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History of the Establishment of the London Metropolitan Police

A group of teenagers were exploring “Why do the police treat us differently?”, and someone pointed out that there haven’t always been police. This prompted me to investigate the establishment of the London Metropolitan police, which led me to this comic:

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Black History: Olive Morris

Line drawing of Olive Morris. She looks to the left of the page, smiling. She is wearing a t-shirt and jacket. The text in the image is in the body of the post.Olive Morris was an anti-racist, anti-imperialist activist, community organiser and squatter. She was a member of the Black Panthers and co-founded the Organisation for Women of Asian and African Descent with Stella Dadzie.

She was tireless, helping to set up multiple other collectives and organisations, including the Manchester Black Women’s Cooperative, Manchester Black Women’s Mutual Aid Group, Brixton Black Women’s Group and the Brixton Law Centre.

Morris died of Hodgkins Lymphoma at the age of 27.

The Remembering Olive Morris Collective was established in 2008 to document and make public her story.

Black History: Verna Wilkins

Line drawing of Verna Wilkins. She is looking to the front. Her hair is tied back in a bun at the base of her neck. She is smiling and you can see her teeth. She is wearing a top, necklace and blazer.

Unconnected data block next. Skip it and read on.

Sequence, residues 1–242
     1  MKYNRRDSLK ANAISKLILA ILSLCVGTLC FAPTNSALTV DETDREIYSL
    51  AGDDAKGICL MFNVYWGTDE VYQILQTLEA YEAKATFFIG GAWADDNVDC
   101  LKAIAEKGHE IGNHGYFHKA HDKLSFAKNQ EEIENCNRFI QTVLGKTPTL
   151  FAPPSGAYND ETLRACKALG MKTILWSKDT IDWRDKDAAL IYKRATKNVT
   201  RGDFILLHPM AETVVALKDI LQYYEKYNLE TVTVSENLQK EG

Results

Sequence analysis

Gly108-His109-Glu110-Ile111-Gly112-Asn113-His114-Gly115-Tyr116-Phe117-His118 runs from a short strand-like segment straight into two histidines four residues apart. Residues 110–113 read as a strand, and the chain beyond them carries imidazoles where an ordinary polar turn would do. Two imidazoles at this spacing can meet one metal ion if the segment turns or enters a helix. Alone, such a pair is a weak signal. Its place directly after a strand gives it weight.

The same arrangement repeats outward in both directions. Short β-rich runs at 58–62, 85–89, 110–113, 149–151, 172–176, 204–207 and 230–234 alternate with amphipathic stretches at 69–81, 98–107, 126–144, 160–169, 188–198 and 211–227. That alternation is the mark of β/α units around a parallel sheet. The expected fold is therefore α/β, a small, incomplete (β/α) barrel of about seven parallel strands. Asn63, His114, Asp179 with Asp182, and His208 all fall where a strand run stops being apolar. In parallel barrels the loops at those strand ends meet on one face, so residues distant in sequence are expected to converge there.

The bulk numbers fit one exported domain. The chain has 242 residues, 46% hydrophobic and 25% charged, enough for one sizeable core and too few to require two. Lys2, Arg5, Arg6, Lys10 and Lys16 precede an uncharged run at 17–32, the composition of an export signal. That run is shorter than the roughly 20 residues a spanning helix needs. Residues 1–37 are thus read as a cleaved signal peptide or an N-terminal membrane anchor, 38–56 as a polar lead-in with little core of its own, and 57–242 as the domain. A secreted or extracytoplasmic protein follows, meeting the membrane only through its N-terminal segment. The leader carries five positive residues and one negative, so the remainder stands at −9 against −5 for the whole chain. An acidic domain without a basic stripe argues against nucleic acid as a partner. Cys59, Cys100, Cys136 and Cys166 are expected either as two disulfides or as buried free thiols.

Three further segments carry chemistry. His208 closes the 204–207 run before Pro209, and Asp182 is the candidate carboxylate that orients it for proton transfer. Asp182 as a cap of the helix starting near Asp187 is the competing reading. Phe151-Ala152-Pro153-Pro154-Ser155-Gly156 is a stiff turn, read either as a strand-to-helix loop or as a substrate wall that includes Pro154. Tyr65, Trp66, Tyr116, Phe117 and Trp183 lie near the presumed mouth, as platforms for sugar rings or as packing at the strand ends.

Verna Wilkins is the multi-award-winning author of over 50 picture books and biographies for young people, which have featured on the National Curriculum and BBC children’s television.

Wilkins is the founder of Tamarind Books, launched in 1987 after her 5-year-old son came home with a ‘This is Me’ book in which he was coloured in pink. He refused when Wilkins offered him a brown crayon, saying it had to be pink because it was for a book.

Wilkins ran Tamarind Books for 23 years, championing diversity in children’s publishing. It is now an imprint of Random House UK.

Wilkins now runs inclusive programmes in schools across the UK.

Black History: Evelyn Dove

Evelyn Dove

Evelyn Dove was a singer and actress, heralded as Britain’s black cabaret queen. She belongs among such greats as Josephine Baker. The daughter of a Sierra Leonean barrister and his English wife, Dove studied singing, piano and elocution from an early age, and graduated from the Royal Academy of Music.

She joined the Southern Syncopated Orchestra – West Indian, West African and American musicians – but in 1921, 9 of them drowned in an accident at sea. Dove toured Western Europe, the US and India. She was the first black female singer on the BC, and one of her shows was so successful they turned it into a TV show. By the 1940s Evelyn Dove was a household name.